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An article by asma GmbH – moldshop

Jennifer Stütz, working at asma in Weitra, chose to become a toolmaking technician. Jennifer remembers, “As a child, I was already interested in technology. I loved crafting and exploring things.”  

In grandmother´s times, a woman interested in technology and engineering was just considered to be a tomboy. This widely-held belief is not up to date anymore. Women in a typical, male profession are still a minority but the trend is increasing. 

Jennifer Stütz, working at asma in Weitra, chose to become a toolmaking technician. Jennifer remembers, “As a child, I was already interested in technology. I loved crafting and exploring things.”  

Those are the best prerequisites to be trained from scratch in one of the four branches of education (plastics engineer, plastic shaper, cutting machine operator, toolmaking technician). Although the share of women working at asma is quite high, the proportion of young, female technicians doing an apprenticeship lies at 1:20.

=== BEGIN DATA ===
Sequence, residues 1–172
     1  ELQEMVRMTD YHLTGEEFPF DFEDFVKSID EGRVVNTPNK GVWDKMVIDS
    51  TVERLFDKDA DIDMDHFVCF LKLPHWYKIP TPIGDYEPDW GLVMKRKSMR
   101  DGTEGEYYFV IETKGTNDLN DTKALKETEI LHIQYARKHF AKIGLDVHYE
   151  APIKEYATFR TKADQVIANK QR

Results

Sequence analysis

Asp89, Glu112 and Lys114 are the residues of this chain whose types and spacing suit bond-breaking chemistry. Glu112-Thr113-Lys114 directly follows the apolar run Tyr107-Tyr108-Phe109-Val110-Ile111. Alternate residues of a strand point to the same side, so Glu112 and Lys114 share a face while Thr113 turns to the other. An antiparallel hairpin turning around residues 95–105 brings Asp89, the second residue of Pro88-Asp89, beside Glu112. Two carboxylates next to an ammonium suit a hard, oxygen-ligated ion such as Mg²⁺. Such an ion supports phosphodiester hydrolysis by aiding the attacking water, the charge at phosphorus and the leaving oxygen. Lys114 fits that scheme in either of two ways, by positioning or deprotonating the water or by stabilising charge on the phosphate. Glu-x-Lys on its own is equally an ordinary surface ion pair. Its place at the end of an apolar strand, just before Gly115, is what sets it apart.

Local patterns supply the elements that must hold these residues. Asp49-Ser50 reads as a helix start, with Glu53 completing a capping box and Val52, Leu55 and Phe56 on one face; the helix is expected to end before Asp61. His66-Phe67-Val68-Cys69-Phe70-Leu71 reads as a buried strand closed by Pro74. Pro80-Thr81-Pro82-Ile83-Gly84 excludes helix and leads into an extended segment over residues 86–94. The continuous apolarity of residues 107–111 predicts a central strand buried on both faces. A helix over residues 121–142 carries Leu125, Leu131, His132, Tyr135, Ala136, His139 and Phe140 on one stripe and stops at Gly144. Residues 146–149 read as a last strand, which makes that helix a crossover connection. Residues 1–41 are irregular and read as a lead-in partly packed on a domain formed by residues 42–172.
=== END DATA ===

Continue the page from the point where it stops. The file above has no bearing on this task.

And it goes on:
Plenty of power and stamina is required to lift the components needed in the mould construction and to operate machines and computer programs. “Highly sensitive women might be wrong here. A job in production is not a cakewalk for girls. The boys have a rough charm. The boundaries between being serious and joking around are quite blurred”, knows Jennifer and adds,” Many of my colleagues are mates or good friends of mine now. I would even get some coffee with them in my free time.” 

The components that require absolute precision, which are a bit messed up, are the most interesting ones. When the parts fit together in the end, the team is thrilled. 

Goals: 

The talent for improvisation is not just important in Jennifer´s professional life. She is a mother of a five-year-old daughter and currently takes Matura courses additionally to her full-time employment at asma. She already passed her maths and English exams successfully and is currently working on completing the other parts.